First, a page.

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Leslie, first black player to receive England call-up, awarded honorary cap by FA

Jack Leslie, the first black player to receive an England call-up, has been awarded a posthumous honorary cap by the Football Association.

The inside-left, who scored 137 goals in 400 appearances for Plymouth between 1921 and 1934, was called up to the national team in 1925.

However, he was denied an England appearance because of the colour of his skin after selectors learnt about his heritage.

Leslie died in 1988 and will be immortalised by a statue that was unveiled outside Home Park on Friday, while the FA chair Debbie Hewitt confirmed Leslie has been posthumously awarded an England cap 97 years after he was called up.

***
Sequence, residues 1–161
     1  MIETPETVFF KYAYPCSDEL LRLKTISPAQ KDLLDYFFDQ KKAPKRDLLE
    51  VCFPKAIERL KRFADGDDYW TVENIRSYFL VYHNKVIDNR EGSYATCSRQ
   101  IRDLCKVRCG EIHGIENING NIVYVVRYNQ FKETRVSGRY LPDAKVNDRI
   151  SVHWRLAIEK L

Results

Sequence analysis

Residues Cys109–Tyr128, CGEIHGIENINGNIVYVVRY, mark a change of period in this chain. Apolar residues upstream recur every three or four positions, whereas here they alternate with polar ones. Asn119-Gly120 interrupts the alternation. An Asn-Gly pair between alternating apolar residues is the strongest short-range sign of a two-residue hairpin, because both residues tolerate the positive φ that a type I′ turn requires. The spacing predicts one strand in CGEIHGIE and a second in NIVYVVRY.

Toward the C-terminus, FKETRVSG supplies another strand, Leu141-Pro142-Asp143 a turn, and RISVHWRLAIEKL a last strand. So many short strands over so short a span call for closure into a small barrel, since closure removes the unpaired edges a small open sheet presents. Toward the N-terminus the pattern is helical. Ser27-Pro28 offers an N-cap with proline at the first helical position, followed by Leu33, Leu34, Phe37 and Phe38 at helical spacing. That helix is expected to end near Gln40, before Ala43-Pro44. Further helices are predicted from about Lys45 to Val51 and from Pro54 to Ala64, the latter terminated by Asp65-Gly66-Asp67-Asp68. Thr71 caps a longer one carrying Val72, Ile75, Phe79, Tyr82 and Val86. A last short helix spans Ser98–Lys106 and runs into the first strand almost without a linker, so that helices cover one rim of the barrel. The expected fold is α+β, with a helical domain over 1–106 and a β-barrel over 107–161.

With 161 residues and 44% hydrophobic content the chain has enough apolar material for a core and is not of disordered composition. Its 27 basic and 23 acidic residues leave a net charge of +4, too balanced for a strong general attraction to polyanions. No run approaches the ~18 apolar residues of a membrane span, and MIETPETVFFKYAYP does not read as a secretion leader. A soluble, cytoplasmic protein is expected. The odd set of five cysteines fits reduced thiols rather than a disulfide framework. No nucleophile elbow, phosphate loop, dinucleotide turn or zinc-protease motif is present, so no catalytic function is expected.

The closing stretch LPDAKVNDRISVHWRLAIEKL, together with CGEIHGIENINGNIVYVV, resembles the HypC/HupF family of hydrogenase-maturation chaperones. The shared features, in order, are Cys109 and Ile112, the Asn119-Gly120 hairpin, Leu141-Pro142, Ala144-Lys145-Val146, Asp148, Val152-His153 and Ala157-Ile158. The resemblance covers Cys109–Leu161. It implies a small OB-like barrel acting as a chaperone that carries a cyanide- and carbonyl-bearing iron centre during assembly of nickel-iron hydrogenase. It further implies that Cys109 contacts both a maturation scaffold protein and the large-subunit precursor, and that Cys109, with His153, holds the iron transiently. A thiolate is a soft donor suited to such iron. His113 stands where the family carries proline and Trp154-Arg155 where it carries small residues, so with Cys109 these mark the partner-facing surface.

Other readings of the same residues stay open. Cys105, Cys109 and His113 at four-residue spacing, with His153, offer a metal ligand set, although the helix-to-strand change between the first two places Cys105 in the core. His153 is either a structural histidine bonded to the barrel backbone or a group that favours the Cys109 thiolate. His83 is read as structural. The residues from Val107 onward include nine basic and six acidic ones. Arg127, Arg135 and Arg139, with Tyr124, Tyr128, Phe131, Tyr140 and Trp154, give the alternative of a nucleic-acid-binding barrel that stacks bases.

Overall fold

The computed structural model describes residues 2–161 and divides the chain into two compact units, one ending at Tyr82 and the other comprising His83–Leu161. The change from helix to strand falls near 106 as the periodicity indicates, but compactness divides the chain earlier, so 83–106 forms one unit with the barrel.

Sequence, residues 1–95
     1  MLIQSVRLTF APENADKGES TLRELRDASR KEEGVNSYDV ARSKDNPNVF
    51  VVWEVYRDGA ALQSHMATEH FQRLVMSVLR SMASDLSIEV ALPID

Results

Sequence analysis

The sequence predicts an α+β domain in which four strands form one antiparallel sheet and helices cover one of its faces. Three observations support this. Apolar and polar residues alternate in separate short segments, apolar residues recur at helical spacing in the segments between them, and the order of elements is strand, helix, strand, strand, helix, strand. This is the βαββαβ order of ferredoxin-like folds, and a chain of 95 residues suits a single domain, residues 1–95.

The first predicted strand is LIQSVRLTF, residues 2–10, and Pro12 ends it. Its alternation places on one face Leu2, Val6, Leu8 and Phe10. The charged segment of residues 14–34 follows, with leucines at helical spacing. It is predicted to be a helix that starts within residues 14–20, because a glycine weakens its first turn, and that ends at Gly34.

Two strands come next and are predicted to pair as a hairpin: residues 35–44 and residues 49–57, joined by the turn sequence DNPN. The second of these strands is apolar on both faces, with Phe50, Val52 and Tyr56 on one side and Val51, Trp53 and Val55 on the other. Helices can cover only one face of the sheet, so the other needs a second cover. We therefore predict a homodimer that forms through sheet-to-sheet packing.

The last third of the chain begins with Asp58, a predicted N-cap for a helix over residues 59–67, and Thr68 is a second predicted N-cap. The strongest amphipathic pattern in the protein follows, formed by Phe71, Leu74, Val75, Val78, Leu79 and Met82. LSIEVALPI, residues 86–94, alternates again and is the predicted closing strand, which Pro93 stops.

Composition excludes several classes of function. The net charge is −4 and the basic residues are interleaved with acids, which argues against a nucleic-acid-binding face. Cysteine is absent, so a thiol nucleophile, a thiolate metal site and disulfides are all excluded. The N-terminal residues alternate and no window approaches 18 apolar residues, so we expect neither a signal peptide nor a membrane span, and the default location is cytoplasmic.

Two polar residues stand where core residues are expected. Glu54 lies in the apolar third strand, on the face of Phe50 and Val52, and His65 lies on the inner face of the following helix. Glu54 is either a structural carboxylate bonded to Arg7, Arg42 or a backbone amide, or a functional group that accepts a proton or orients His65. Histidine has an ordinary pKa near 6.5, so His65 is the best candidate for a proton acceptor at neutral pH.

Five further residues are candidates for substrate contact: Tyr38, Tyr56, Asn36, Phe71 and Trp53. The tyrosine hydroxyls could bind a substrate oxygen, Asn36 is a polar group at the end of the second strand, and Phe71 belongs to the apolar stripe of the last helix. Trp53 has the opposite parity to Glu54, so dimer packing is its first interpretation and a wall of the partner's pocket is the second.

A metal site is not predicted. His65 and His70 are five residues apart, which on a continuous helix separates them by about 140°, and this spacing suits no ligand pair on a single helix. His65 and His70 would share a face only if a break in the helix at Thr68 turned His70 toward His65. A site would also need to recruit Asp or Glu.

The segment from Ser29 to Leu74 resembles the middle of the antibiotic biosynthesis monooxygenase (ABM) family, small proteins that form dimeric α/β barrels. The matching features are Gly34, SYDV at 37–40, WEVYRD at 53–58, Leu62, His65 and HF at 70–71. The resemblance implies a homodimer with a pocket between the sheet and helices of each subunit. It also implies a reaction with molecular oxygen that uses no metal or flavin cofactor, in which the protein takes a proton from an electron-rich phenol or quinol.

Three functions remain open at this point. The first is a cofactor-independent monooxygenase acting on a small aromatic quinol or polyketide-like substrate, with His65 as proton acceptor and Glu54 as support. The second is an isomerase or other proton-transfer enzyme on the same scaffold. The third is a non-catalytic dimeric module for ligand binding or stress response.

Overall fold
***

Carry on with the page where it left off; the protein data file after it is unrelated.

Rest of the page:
In a statement, Ms Hewitt described Leslie has a "true football legend", who "shaped attitudes and behaviours to identify and remove discrimination from football".

The FA is awarding Jack a posthumous honorary cap, to recognise his unique contribution and set of circumstances - and to right the historical wrong," she said.

I had the privilege of meeting Lesley, Jack's granddaughter, at a recent international game at Wembley, where we had the opportunity to recognise the family's determination, courage and resilience to have Jack's story told and through the efforts of Lesley and her sisters Lyn and Gill, to change perceptions in football and more broadly in society.

"We have made progress in recent years to ensure that English football is more diverse and inclusive, and a game for all.

"We owe a huge debt of gratitude to Jack and to his family for comprehensively and consistently driving positive change through football. We are pleased to support this campaign and to recognise Jack's career."

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